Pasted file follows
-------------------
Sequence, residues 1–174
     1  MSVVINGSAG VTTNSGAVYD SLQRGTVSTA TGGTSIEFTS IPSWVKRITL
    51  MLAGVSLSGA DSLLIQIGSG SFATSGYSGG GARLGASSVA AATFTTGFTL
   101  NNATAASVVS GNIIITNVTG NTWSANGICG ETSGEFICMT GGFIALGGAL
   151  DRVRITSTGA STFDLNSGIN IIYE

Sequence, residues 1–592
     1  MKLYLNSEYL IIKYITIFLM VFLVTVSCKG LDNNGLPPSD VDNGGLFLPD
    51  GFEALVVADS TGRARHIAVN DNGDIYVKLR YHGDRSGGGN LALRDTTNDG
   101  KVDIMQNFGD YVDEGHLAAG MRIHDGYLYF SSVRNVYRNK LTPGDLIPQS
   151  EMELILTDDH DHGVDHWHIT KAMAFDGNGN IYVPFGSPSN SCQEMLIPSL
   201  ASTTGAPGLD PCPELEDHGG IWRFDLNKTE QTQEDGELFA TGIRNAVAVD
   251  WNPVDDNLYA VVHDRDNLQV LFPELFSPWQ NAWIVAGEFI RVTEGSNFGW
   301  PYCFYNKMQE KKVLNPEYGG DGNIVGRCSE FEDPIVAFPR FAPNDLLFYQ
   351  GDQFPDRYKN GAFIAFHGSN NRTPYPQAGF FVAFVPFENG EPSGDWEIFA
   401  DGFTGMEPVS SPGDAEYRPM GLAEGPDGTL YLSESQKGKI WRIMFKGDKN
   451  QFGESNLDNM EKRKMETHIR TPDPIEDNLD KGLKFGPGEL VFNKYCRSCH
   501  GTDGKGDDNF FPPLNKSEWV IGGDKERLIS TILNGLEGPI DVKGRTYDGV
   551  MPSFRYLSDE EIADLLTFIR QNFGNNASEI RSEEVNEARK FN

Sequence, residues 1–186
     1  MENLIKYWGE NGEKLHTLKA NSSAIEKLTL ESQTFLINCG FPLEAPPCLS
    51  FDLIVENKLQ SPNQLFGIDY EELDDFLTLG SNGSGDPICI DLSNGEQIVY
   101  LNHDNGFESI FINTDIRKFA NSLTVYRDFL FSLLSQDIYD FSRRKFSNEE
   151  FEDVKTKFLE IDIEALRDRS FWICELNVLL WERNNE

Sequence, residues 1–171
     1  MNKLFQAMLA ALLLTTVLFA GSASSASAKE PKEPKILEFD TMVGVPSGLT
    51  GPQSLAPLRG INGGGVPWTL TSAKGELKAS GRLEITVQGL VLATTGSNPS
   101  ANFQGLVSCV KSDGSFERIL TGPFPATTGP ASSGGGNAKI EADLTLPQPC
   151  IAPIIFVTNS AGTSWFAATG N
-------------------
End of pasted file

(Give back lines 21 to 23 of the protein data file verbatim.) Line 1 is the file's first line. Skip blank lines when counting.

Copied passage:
    51  FDLIVENKLQ SPNQLFGIDY EELDDFLTLG SNGSGDPICI DLSNGEQIVY
   101  LNHDNGFESI FINTDIRKFA NSLTVYRDFL FSLLSQDIYD FSRRKFSNEE
   151  FEDVKTKFLE IDIEALRDRS FWICELNVLL WERNNE